Thursday, April 18, 2019

Who are the Momineen and the Muslimeen?

By Naseer Ahmed, New Age Islam
10 April 2019
Allah’s religion was revealed step by step spread over an estimated 70000 years. Mankind is different from every other creation in its cognitive abilities which makes it capable of immense good as well as immense evil. Unlike every other creation that is governed primarily by instinct, man can free himself from even his instinct to make moral choices based on a learned moral code. The instinct of every creation is to seek pleasure and avoid pain. Man, while following a moral code, makes choices that avoid seeking pleasure such as consuming intoxicants or indulging in adulterous sex and disregard pain when sacrificing self-interest for the greater good of society. The purpose of a moral code is to restrain man from indulging in pleasure seeking activities that harm the society or self, and encourage making sacrifices for the good of society, while allowing seeking pleasure which is good for self and society and avoiding pain which is harmful to self without any benefit to the society. The moral code from religion enabled us to develop trust in strangers through shared values from religion and cooperate in large numbers without which we may not have survived as a species, let alone made such progress.
The moral code is counter intuitive as it goes against our instinct. The benefits from following it became known only after following it for thousands of years as a religious duty. To implement the moral code, required coercing people through a system of harsh punishments for contravention which is why many of the prophets were also rulers. The revelations from Allah from time to time, were appropriate for each period and limited by the stage of civilizational development. Initially, it was the bare law, and very few rules, then came the fuller law followed by teaching man to connect with God through prayers, followed by a fuller explanation of the law and the best way to follow it. This process came to an end with the revelation of the Quran which contains the perfected and complete religion.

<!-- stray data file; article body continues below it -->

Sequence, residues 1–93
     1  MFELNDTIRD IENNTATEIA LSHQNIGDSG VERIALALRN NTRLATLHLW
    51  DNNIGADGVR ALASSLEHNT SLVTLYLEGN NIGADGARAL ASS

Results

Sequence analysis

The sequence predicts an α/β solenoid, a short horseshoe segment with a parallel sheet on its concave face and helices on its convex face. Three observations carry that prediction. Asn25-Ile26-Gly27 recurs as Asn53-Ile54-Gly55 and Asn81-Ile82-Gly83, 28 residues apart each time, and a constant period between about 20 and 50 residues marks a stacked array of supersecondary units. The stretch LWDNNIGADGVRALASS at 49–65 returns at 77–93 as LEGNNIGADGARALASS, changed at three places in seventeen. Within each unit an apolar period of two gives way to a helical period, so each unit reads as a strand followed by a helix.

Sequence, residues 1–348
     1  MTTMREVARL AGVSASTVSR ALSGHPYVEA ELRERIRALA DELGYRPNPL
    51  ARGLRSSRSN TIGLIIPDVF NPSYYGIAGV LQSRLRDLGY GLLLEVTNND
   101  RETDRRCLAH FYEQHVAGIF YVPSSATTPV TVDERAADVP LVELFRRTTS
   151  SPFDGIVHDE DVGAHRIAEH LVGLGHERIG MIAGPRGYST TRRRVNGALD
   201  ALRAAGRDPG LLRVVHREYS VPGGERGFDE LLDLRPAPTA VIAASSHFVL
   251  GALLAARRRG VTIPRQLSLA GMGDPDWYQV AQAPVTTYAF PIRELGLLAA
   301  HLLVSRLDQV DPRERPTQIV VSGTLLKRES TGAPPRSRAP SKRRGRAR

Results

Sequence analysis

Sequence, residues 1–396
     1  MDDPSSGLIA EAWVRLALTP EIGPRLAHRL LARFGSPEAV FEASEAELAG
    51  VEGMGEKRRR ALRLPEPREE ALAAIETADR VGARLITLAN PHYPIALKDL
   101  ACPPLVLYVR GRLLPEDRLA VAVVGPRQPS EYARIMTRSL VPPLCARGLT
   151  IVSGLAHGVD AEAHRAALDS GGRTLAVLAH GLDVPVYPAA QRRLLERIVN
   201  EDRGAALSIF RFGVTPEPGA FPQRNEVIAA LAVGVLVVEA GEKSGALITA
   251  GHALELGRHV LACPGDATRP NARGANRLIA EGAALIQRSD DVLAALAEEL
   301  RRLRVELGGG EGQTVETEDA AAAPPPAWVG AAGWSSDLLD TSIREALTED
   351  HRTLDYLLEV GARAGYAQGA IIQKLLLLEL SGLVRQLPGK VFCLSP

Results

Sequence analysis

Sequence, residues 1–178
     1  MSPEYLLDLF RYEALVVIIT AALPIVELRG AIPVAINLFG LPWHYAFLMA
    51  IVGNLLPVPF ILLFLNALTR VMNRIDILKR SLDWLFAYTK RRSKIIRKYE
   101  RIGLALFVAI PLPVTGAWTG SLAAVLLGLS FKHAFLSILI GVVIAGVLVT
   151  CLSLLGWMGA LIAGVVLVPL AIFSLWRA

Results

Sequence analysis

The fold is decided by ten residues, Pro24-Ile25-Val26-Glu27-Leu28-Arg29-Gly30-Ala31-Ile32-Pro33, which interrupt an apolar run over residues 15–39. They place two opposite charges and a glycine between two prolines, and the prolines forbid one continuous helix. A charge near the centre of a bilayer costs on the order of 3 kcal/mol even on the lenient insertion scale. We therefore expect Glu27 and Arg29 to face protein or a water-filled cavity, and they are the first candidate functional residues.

(16:101) When We substitute one revelation for another,- and Allah knows best what He reveals (in stages),- they say, "Thou art but a forger": but most of them understand not.
By the time the Quran was revealed, the benefits to the individual and the society from following the moral principles from religion were understood, and mankind became grateful to God for the guidance and followed it out of reverence for and love of God. Coercion was no longer necessary and therefore Allah decreed in the Quran:
(2:256) Let there be no compulsion in religion: Truth stands out clear from Error: whoever rejects evil and believes in Allah hath grasped the most trustworthy hand-hold that never breaks. And Allah heareth and knoweth all things.(257) Allah is the Protector of those who have faith: from the depths of darkness He will lead them forth into light. Of those who reject faith the patrons are the evil ones: from light they will lead them forth into the depths of darkness. They will be companions of the fire, to dwell therein (For ever).

It is now no longer necessary to blindly follow the religion of Allah or to be coerced into following it. It is now possible to wilfully and deliberately choose to follow it based on firm conviction in its truth from the clear evidence of the progress mankind has made step by step, by following the progressive revelations from Allah. A person who chooses to do so, is a Momin.
The Momin
Before the Quran was revealed, belief was blind and coerced to a lesser or greater degree, depending upon the stage of civilizational development. The meaning of Momin then was one who believes and has faith in Allah and His religion.
After the revelation of the Quran, compulsion and blind belief is no longer necessary as “Truth is made to stand out clear from Error”. Momin therefore now means a person who has conviction in the truth of Allah, His religion, His Messengers, His angels, His Books, and the Day of Judgment, based on reason and the Signs or Ayats of Allah in the Quran.